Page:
Shames tax break eyed

CITY COUNCIL may have turned down a request to provide the non-profit group with money to help it buy the Shames Mountain ski facility but it says it may have a plan to help out regardless.

CITY COUNCIL may have turned down a request to provide the non-profit group with money to help it buy the Shames Mountain ski facility but it says it may have a plan to help out regardless.

And that could be convincing the Kitimat-Stikine regional district to give the My Mountain Co-op, provided it buys the ski facility, annual tax relief.

The suggestion came from councillor Carol Leclerc who also sits as one of two city representatives on the regional district.

She said the exemption would be similar to what the city provides recreational clubs within its jurisdiction, such as the curling club, and the regional district does with the Skeena Valley Golf and Country Club.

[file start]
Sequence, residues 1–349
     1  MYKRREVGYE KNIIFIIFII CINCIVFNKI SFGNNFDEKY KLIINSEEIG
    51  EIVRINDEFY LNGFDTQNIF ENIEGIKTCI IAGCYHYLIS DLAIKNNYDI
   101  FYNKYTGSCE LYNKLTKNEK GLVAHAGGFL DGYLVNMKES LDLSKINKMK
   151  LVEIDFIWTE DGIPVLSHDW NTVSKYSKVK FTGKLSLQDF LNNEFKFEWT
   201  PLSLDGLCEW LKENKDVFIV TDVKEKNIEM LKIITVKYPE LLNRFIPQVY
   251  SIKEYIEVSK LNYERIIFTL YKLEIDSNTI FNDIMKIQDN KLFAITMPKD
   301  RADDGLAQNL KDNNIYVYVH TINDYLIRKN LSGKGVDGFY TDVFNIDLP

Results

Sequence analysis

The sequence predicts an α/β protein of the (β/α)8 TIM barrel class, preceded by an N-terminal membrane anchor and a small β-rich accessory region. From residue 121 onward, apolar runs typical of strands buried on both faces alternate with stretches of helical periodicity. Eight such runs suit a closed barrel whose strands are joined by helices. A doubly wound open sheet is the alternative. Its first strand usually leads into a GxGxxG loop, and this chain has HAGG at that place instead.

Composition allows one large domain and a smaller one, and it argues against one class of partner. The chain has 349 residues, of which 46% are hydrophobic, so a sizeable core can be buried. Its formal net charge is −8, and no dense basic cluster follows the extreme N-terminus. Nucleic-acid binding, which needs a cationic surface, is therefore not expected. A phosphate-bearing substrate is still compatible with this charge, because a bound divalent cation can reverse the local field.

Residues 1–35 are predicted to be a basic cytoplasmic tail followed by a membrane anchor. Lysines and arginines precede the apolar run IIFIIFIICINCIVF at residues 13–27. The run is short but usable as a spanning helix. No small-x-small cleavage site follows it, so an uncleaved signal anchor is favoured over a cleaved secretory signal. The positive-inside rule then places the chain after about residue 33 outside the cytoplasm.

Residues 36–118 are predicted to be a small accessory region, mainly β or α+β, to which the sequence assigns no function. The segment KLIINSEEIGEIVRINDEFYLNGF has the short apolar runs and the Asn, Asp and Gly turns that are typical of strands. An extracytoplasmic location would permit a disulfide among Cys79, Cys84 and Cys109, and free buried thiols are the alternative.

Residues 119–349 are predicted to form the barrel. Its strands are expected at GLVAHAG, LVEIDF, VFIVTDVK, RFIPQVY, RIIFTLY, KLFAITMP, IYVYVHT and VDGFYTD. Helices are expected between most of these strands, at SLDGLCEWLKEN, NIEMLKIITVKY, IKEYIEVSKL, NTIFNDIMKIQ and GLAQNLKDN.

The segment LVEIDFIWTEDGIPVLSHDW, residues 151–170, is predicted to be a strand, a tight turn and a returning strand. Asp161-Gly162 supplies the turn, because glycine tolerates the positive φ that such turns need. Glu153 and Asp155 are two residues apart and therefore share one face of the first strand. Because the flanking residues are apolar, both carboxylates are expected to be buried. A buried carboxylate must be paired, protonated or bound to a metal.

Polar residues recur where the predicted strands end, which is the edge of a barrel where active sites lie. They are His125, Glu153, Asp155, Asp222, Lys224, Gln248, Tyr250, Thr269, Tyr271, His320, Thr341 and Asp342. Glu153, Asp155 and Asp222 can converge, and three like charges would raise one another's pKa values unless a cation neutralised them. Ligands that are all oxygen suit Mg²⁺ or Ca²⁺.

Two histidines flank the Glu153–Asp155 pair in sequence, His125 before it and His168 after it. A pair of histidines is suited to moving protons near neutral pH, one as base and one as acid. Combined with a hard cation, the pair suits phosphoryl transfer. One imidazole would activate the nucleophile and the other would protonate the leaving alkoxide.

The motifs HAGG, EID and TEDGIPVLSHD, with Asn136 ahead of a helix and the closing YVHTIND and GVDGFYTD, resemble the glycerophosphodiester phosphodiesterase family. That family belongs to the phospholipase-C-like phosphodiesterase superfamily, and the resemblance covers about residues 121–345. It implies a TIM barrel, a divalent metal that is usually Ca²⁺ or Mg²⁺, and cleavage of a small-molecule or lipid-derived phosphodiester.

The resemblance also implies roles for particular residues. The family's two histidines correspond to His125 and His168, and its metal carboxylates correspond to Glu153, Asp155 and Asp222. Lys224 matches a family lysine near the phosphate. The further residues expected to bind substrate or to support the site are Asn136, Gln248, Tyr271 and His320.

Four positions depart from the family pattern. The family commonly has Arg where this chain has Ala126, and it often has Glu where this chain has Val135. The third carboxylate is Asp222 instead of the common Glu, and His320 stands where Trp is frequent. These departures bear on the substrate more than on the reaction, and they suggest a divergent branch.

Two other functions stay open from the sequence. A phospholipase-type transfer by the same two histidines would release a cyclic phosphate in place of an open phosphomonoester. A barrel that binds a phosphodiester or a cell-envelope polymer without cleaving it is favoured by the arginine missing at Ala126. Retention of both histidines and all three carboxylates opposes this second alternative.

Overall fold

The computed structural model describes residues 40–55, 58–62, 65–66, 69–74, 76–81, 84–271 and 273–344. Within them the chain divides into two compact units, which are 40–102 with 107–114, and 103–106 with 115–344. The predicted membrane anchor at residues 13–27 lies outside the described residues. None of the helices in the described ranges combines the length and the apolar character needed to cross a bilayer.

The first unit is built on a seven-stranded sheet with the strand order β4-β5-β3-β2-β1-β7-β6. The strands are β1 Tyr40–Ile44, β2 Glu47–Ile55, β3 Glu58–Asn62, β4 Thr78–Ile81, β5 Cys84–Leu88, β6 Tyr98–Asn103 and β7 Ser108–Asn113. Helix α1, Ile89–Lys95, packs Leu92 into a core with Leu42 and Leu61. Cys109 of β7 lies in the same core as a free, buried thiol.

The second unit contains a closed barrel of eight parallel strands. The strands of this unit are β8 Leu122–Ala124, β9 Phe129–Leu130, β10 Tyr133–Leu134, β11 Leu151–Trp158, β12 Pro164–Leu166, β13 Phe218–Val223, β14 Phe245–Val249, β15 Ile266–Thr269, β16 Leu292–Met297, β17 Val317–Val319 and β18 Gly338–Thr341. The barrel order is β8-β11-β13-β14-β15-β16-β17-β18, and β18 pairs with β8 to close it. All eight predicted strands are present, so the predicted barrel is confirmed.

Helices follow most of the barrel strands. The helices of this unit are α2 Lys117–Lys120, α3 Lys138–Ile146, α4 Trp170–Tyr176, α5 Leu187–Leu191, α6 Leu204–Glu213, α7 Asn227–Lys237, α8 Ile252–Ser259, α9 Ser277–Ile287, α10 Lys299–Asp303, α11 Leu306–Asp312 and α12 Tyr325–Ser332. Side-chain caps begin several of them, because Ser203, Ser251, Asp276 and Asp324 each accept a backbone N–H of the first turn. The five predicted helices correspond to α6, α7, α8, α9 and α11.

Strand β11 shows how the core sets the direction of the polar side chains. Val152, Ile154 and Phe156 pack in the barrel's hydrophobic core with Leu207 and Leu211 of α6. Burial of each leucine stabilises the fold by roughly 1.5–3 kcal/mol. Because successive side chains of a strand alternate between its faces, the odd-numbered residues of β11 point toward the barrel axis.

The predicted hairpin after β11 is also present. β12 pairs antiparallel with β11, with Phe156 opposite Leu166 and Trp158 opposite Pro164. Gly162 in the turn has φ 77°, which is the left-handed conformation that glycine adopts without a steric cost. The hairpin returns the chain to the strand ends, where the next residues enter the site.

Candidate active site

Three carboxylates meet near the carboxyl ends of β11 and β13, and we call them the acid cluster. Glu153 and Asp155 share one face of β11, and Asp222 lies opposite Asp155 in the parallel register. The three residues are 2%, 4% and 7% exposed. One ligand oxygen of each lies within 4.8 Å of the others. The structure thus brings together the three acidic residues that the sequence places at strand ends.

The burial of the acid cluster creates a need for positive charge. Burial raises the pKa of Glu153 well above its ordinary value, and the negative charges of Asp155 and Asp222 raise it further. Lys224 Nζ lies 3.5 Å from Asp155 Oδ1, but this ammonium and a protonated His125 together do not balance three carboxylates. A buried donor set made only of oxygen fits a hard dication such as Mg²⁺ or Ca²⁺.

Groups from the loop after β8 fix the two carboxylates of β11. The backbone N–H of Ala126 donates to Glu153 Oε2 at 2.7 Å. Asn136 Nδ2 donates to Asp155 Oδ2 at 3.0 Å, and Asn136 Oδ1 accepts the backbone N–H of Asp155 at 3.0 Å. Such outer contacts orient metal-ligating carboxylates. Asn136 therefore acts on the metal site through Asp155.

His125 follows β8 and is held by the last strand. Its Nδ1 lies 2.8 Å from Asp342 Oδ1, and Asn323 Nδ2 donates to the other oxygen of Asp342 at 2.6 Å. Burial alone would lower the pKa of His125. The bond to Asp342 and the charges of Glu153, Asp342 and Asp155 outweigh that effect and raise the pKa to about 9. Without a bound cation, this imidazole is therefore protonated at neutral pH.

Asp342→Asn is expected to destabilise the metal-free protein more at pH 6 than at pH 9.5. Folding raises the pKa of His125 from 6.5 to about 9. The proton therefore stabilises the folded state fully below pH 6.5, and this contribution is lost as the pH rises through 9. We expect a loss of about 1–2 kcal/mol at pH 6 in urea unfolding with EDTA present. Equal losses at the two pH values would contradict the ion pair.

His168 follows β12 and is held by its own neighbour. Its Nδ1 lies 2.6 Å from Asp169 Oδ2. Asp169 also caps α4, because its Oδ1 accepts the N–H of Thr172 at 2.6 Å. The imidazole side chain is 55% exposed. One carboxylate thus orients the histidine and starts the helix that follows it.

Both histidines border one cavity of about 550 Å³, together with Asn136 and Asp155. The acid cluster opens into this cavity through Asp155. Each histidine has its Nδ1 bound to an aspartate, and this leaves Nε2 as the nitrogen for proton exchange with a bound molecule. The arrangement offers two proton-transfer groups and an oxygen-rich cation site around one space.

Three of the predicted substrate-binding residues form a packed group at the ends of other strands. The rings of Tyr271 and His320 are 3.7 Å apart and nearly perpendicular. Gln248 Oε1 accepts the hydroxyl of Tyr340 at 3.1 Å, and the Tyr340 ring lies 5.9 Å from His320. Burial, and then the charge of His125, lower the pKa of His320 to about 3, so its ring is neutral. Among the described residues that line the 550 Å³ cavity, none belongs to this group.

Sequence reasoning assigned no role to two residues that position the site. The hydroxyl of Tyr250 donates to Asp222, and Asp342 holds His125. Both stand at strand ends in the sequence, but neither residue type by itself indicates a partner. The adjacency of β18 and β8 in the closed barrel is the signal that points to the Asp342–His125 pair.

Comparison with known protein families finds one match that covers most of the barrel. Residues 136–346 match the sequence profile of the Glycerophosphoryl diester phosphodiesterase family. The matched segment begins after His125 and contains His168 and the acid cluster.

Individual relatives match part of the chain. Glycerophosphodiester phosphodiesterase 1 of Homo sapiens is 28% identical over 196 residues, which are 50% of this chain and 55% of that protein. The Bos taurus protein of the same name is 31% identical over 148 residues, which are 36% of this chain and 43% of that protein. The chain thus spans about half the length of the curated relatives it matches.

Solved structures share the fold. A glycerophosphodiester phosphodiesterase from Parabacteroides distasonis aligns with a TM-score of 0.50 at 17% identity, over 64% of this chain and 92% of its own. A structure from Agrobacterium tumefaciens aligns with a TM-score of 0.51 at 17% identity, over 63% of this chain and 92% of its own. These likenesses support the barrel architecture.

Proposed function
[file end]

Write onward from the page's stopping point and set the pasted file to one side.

The curling rink and golf course are clubs,” said Leclerc in suggesting the co-op look at structuring itself along a similar fashion.

Leclerc’s comments came after councillor Lynne Christiansen proposed a motion to go to referendum to provide the co-op with $200,000 in taxes to help it buy the facility.

Council agreed to postpone further discussion on Christiansen’s motion pending a meeting with the co-op to discuss the tax forgiveness idea.